You are hereLiebherr Group: Products & Services for United Kingdom of Great Britain and Northern Ireland
From computer game to building site
Climbing into a crane and lifting a heavy load – that's something he has always wanted to do. So far, however, Sebastian Knapp has never had the opportunity to do it. Nevertheless, the 31-year-old can by all means be described as a recognised crane expert. Since 2015, he has constructed countless cranes, moved them around construction sites of every conceivable type and successfully performed an endless number of lifts, often of record-breaking proportions. Sebastian Knapp is a software developer at weltenbauer. Software Entwicklung GmbH in Wiesbaden. Since 2015, he has worked primarily on Liebherr's Crane Planner, the latest version of which, Crane Planner 2.0, has now been launched.
"The program uses the latest 3D real-time computer graphics to help users find the right crane for the right lift and to configure it directly on the construction site so that it will work optimally," explains the software developer. Once configuration is complete, the Crane Planner can also create reports containing the relevant machine data and technical drawings, as well as the comments and notes made during setup.
Crane Planner began its journey in 2015
Sebastian Knapp's counterpart is based around 450 kilometres further south, in the Austrian state of Vorarlberg. Christoph Mai is Product Manager Crane Planner at Liebherr-Werk Nenzing GmbH, which develops, produces and markets principally multi-purpose crawler cranes, as well as duty cycle crawler cranes and piling and drilling rigs for deep foundation work. As Liebherr is a system supplier, its portfolio includes not only machines such as these, but also a variety of services and service solutions for simplifying processes on the construction site. Since 2015, these tools have included Crane Planner, the lift-planning tool developed by Liebherr with weltenbauer. Christoph Mai has helped to shape and manage its development from the outset. "We aim to give our customers, who are primarily from the crane rental sector, a planning tool that is fully tailored to their needs and requirements," he says. To that end, Crane Planner 2.0, with over 30 types of cranes, offers them a staggering 1.6 million configuration options.
The secret is the unique combination of an attractive, three-dimensional user interface and the precise machine data of the load moment limiter (LML / LICCON). All the data displayed is determined using precisely the same calculation logic as the live data of real mobile and crawler cranes.
"Crane Planner 2.0 determines important indicators such as ground pressures, ground reaction force, loads and centres of gravity. A new calculation is performed for each change of configuration, load or geometry," explains Christoph Mai. "We can thus provide our customers with a generic module that contains all setup and operating parameters." And that also makes them fit for the age of Building Information Modelling (BIM). In this comprehensive process for creating and managing information for a construction object, BIM integrates structured, multidisciplinary data to create a digital representation of an asset throughout its entire life cycle - from planning and design to construction and operation.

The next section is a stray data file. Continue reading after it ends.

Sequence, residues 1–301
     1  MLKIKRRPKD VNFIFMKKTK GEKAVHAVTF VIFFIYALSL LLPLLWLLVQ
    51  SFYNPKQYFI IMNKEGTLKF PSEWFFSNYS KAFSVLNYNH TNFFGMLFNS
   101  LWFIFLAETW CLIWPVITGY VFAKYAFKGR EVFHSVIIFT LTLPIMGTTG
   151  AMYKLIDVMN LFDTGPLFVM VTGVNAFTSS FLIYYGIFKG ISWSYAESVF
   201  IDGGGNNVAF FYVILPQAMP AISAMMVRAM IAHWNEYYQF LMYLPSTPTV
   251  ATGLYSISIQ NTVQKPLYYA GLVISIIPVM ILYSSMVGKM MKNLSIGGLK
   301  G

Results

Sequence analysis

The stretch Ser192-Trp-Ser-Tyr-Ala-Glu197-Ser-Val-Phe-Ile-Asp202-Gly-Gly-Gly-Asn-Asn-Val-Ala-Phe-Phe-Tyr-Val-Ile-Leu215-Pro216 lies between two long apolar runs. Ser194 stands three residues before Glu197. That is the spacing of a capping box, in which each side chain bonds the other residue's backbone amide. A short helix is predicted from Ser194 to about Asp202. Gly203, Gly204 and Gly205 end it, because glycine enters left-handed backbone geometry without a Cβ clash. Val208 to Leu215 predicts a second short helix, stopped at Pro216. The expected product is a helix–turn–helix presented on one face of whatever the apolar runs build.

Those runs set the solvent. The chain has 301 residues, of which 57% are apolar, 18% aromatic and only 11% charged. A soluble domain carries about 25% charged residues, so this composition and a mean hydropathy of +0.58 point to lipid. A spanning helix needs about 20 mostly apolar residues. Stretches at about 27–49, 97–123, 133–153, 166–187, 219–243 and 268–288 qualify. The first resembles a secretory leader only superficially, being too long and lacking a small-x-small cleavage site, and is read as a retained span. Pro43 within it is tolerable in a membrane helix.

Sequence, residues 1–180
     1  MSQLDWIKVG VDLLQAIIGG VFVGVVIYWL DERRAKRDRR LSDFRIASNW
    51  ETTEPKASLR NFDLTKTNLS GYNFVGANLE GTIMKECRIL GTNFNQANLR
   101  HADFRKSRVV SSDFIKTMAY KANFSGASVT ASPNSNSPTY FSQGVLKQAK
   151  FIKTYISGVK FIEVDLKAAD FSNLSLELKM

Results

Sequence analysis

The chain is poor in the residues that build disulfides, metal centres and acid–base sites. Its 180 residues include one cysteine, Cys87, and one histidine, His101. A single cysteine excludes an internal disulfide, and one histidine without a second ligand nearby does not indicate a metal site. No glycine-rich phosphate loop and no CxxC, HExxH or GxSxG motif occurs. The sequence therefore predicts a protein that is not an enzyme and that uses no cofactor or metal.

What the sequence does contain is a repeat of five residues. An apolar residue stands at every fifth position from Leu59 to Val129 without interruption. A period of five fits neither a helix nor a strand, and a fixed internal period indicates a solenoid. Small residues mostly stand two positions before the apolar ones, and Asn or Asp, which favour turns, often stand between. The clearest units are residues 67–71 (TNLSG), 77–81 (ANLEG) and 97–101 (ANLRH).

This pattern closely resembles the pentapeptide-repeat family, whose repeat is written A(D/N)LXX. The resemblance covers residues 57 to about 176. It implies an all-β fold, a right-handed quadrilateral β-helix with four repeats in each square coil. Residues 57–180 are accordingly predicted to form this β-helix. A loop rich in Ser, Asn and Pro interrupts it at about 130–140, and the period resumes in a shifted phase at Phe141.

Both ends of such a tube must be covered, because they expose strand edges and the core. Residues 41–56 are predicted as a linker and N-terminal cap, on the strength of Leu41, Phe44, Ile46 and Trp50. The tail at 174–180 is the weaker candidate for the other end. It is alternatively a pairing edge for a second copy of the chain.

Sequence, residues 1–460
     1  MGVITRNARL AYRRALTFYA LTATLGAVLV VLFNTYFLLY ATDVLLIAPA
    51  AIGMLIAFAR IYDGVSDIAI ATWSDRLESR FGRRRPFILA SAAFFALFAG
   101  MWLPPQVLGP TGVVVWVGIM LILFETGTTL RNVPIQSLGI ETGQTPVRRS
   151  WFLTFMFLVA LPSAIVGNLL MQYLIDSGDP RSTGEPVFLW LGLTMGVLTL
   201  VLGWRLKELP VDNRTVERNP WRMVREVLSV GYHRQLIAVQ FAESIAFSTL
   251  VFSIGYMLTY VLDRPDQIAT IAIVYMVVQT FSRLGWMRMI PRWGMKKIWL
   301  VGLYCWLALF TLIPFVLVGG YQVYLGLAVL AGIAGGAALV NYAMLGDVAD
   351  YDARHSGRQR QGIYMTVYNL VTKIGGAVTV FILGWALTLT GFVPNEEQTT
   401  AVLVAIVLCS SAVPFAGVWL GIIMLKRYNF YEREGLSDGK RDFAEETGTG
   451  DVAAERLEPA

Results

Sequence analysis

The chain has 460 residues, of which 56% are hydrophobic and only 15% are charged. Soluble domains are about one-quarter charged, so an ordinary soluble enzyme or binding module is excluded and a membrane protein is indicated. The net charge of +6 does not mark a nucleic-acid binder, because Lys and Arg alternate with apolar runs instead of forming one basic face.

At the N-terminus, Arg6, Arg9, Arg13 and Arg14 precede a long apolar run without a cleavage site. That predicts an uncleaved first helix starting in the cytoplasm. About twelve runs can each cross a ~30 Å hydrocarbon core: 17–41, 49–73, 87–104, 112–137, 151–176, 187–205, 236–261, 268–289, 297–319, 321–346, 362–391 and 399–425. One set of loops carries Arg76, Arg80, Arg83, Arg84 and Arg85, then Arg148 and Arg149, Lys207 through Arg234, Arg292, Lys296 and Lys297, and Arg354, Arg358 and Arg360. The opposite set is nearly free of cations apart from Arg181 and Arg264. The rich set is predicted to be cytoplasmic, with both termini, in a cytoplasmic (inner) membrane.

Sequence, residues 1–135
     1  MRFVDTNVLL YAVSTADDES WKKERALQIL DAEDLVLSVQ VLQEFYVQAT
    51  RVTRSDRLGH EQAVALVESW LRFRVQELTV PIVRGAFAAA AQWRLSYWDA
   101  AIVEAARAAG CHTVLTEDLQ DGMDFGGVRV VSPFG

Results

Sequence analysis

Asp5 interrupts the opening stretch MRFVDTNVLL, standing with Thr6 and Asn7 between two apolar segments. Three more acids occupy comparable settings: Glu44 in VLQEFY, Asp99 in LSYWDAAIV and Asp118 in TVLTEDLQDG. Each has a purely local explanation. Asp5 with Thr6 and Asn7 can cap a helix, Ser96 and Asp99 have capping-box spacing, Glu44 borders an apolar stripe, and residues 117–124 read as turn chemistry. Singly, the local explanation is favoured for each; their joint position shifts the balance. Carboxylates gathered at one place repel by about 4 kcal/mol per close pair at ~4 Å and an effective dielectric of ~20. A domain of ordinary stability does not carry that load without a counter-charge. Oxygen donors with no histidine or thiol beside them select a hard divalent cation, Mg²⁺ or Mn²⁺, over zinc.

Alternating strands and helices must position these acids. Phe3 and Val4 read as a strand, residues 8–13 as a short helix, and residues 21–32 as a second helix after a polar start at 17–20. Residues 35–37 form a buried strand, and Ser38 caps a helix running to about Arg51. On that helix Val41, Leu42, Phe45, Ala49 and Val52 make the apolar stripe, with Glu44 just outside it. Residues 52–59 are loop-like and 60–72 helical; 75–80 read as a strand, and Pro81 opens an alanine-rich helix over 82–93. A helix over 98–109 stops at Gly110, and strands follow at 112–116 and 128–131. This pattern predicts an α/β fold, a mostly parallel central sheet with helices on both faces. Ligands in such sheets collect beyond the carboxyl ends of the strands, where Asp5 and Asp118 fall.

Not only does this sound complex, it is. To ensure the user doesn't need to be an engineering scholar, Liebherr has been working with the digital experts from weltenbauer. since the early days of Crane Planner. The software developers from Wiesbaden incorporate experience of computer games, 3D industry applications and digital solutions for different platforms and environments. "We create software for mobile devices, desktop systems, next-generation consoles and mixed reality environments, and know how to build virtual worlds," explains Christian Rathemacher. The 38-year-old has been on the management board of weltenbauer. since 2011 and has been part of the Crane Planner project since its very beginnings. He explains that they started with the Construction Simulator from the computer games field. "Then, together with Liebherr, we became more and more involved in Crane Planner. It is incredibly exciting to see how far you can take a machine to its limits in the digital realm, and in doing so tap its full potential. And in total safety."
Did you know?
30 Liebherr mobile cranes, crawler cranes and duty cycle crawler cranes are currently included in Crane Planner.
A computer game - the Construction Simulator - laid the foundation for Crane Planner.
The Engineering Matters Podcast episode "How to plan a lift" gives exciting insights into working with Crane Planner.
The Crane Planner 2.0 tutorials are available online for you to explore.
Students also learn with Crane Planner: more about this in the interview with Frank Will from the TU Dresden at the end of this story.
Complexity made child's play
Crane Planner 2.0 makes planning a lift look like child's play. With just a few clicks of the mouse, an impressive crane, which can be moved in any direction and integrated into a construction site environment of your own design, appears on the screen. All the actions that it performs are displayed in detail, together with design and load data – all with the utmost precision.
"We are merging the technical world and the world of games," says Sebastian Knapp. "Crane Planner is designed not only to provide precise information but also to be fun to use for planning a crane and trying out its operating ranges on specific construction sites."